Ivie’s character is one I feel every girl can relate to because every girl at some point has been an Ivie, where she is trying to figure out what to do with her life and going through emotional stuff that is affecting her work. Ivie’s breakthrough in fashion is a very beautiful one because it just shows you that if you put your heart into anything and you keep building at it, you’ll get better.


So, in season 2, you’ll see Ivie actually putting so much effort into her growth and making a way through the fashion industry while dealing with a lot of issues with social media, which I feel a lot of people can relate to in real life. So there’s so much that comes with Ivie this season, and I want everybody to hang on to her.


How do you think Ivie’s character resonates with aspiring individuals in similar fields, talking about how she struggled to finally get her breakthrough in the fashion industry?


One thing I noticed happening with Ivie in the fashion industry was that she dealt with the typical issue of having a boss who is threatened by your strengths. When you’re in a work space, everybody knows your strengths, and if you remember, in season one, her boss was so taken by how well she did with her sketches and designs, and I feel like this is one thing that every fashion designer, especially when they’re growing, faces. They face issues with struggling to break out of the environment that has helped them. There is this imposter syndrome that comes with breaking out where you’re asking yourself, “What am I doing here? Do I belong here?” especially when growth comes from a very hostile environment like the one Ivie had.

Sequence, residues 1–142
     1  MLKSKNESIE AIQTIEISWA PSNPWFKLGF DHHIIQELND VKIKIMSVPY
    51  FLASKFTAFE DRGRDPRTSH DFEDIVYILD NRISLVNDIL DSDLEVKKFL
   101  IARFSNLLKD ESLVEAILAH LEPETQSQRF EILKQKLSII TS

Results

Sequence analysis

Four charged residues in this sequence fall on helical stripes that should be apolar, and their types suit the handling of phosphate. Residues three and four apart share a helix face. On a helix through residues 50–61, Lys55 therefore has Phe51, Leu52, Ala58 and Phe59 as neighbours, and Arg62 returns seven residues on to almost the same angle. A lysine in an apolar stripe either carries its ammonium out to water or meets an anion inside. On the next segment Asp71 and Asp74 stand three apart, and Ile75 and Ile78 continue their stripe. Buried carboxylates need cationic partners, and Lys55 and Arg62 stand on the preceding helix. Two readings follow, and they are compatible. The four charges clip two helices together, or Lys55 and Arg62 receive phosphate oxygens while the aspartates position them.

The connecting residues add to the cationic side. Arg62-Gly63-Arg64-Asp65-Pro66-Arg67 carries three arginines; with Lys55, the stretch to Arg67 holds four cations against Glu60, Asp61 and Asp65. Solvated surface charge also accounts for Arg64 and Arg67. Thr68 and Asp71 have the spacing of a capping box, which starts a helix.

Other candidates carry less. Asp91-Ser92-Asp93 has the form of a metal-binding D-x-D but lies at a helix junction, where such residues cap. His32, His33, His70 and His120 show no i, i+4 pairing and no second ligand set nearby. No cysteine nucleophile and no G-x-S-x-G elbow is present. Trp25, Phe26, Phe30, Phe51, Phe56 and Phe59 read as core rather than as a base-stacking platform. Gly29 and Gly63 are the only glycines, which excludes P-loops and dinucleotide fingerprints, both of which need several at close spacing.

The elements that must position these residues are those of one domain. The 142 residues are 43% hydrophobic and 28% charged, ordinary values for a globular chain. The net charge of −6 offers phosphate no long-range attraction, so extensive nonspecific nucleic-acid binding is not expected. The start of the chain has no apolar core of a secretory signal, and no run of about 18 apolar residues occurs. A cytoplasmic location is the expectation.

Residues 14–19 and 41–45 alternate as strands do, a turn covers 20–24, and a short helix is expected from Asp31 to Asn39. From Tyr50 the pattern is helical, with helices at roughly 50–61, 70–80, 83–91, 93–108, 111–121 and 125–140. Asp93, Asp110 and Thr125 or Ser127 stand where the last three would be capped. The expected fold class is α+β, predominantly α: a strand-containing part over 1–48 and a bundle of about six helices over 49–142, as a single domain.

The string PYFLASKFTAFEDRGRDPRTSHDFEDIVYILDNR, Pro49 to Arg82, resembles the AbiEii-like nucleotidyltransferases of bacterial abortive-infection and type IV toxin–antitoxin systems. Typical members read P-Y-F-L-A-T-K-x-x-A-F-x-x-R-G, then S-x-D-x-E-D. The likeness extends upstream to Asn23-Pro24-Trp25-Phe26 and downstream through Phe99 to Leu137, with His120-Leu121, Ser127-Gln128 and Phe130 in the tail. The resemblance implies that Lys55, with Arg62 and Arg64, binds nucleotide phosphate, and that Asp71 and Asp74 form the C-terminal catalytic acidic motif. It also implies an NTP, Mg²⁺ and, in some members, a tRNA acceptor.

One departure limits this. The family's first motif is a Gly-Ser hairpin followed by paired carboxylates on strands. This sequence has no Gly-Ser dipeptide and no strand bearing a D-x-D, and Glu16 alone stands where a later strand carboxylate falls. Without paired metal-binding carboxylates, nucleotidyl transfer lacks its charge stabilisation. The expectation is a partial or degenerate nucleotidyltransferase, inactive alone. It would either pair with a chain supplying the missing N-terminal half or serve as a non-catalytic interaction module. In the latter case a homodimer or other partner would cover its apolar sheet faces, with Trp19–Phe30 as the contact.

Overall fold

I feel like one thing I love about her character is that it made people realise that there’s a light at the end of the tunnel. Ivie really wept last season; she really went through it, and this season, she’s broken out of her boss, and she’s doing very well by herself.


Regarding International Women’s Day, how do you believe your influence in the industry can inspire inclusion and diversity?


I’m the queen of love and light, so I’ll speak for myself and the energy that I bring. I’m a firm believer in love, and I will say one thing I strongly believe and stand firm on is that everywhere you go, you should ask yourself what you want to be remembered for. Yes, I’m an actor, and yes, I’m popular, but I always tell myself I want to make a change. So I will always use my voice to speak positivity and love and to show that there are women out there who are gorgeous, doing well, love God and will always set a fantastic example.